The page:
Smokers are at higher risk of developing Crohns disease, whereas they are at lower risk of developing ulcerative colitis. Research has linked long-term oral contraceptive use to a higher risk of both ulcerative colitis and Crohn's. Other drugs, such as isotretinoin (Accutane), could also play a role. Pain-relieving NSAIDs (like ibuprofen) can worsen lBD symptoms but are not thought to increase the risk of getting the disease initially. 

One Japanese study reported an increased risk of Crohn's disease for women who consume a lot of animal and milk proteins. Other studies report a possible link to overconsumption of foods high in omega-6 polyunsaturated fatty acids, which suggests a lack of omega-3 essential fatty acids may be involved. 

A big factor may be the balance of bacteria in the gastrointestinal tract. Healthy intestines contain trillions of good bacteria or friendly flora. These organisms play a role in digesting certain foods (especially dairy), protecting the body from infection and regulating the immune responses. 

Antibiotics and other drugs can disrupt the balance of these intestinal bacterial, as can infections with harmful bacteria such as salmonella and campylobacter. Both of these bacteria have been associated with lBD. They are ingested in contaminated food and are responsible for thousands of cases of food poisoning each year.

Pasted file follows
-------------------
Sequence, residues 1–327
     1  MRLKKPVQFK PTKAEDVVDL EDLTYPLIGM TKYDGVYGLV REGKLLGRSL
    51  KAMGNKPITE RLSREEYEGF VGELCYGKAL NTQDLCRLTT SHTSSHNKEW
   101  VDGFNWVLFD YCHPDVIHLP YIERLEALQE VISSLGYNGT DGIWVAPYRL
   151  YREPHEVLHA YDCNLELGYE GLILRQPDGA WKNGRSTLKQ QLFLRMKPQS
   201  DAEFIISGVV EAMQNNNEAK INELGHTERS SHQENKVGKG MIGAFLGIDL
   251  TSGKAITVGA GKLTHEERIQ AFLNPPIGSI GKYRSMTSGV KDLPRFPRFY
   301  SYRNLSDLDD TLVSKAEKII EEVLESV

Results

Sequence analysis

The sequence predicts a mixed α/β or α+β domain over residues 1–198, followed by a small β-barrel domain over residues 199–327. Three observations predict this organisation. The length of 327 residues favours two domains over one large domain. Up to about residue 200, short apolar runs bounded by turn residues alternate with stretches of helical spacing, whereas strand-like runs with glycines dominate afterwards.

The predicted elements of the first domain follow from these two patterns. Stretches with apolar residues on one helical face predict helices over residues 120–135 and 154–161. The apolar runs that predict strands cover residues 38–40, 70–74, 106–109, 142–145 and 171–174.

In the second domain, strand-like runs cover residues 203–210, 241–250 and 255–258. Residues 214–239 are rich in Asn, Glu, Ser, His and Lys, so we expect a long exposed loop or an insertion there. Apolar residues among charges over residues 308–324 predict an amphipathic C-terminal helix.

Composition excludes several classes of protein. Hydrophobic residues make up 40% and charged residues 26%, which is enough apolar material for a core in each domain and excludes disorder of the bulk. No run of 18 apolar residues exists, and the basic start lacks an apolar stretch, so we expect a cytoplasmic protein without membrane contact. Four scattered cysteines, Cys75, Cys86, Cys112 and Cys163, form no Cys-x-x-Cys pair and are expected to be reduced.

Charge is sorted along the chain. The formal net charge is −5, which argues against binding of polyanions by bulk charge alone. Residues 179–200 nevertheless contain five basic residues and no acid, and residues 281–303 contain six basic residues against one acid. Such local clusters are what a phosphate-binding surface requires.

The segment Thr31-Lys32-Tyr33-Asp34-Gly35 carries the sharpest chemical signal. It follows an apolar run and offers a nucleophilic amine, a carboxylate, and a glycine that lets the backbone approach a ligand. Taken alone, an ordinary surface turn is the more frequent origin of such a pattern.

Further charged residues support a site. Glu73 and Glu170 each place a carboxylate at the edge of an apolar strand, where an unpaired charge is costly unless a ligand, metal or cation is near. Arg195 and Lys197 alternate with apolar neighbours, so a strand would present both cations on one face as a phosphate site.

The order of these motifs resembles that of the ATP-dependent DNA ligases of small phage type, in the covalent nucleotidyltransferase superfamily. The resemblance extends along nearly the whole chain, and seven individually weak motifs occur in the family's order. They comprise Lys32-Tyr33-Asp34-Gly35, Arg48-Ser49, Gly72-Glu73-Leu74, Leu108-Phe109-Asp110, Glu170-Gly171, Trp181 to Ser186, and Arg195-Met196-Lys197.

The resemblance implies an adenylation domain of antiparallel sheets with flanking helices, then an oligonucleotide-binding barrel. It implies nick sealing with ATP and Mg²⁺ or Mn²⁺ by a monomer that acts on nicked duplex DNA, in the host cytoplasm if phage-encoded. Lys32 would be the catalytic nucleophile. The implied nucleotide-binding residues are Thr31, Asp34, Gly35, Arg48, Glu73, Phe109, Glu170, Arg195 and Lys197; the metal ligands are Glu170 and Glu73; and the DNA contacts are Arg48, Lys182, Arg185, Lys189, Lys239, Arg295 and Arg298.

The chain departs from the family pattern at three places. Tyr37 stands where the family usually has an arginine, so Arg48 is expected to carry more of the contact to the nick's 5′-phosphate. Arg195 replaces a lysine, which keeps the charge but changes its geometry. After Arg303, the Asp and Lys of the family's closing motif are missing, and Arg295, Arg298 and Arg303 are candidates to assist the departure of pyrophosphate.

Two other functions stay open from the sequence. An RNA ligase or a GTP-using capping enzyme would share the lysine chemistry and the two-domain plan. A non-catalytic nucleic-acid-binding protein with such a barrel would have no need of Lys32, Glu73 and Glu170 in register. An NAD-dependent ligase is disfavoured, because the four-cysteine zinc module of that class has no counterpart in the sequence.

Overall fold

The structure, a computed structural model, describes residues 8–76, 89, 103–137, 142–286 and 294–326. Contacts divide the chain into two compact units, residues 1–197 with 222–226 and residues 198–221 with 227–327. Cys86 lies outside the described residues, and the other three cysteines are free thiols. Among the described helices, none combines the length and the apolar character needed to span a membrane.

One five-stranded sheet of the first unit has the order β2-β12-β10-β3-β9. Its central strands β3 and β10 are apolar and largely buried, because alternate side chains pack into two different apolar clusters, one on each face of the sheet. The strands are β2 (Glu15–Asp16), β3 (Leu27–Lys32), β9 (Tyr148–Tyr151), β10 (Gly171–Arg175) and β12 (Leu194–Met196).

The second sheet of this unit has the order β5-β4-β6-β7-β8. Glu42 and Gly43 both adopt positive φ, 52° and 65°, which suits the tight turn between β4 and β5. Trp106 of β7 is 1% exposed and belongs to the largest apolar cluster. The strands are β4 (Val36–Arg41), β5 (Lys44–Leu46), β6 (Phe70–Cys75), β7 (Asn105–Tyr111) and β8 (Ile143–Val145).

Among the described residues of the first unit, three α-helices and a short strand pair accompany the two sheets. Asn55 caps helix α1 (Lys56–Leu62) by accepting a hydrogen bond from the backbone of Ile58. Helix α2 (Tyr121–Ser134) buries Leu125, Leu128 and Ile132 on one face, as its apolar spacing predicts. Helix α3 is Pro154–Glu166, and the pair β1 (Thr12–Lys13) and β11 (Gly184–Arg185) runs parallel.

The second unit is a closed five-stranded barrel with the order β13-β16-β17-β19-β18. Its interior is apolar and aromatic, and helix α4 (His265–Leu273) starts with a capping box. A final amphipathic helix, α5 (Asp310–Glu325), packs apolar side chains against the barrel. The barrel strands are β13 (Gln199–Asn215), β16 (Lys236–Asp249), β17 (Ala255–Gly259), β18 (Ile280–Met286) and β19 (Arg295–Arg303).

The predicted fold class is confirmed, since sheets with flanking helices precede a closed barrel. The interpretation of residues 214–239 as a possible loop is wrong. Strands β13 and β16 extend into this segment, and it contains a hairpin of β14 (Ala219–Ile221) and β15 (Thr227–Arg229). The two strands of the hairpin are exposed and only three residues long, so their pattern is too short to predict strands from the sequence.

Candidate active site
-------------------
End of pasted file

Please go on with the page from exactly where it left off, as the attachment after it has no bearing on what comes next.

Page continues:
Since stress can trigger these bowel disorders, it's possible they may have emotional triggers, too. Adrenal fatigue results in lower levels of cortisol, which controls inflammation. Also, stress can be a factor in the regulation of the immune system, which may aggravate the autoimmune factor in intestinal inflammation.

Strategies for Healing the Intestines
The following measures have shown to help bring Crohn's disease and ulcerative colitis under control. Many of these same strategies will help Celiac disease.

Adopt a Paleo Diet
Just a few thousand years ago, practically all human beings lived on what has been called the hunter-gatherer or paleo diet. These people simply collected the foods nature provided, which means they ate wild game and fish, raw milk and wild plant foods. Grain was not a significant part of this diet, and what grains and seeds were consumed were typically soaked and/or fermented before consumption. In addition, foods were not sterilized, so people had a wider range of gut microflora (probiotics) than people do today.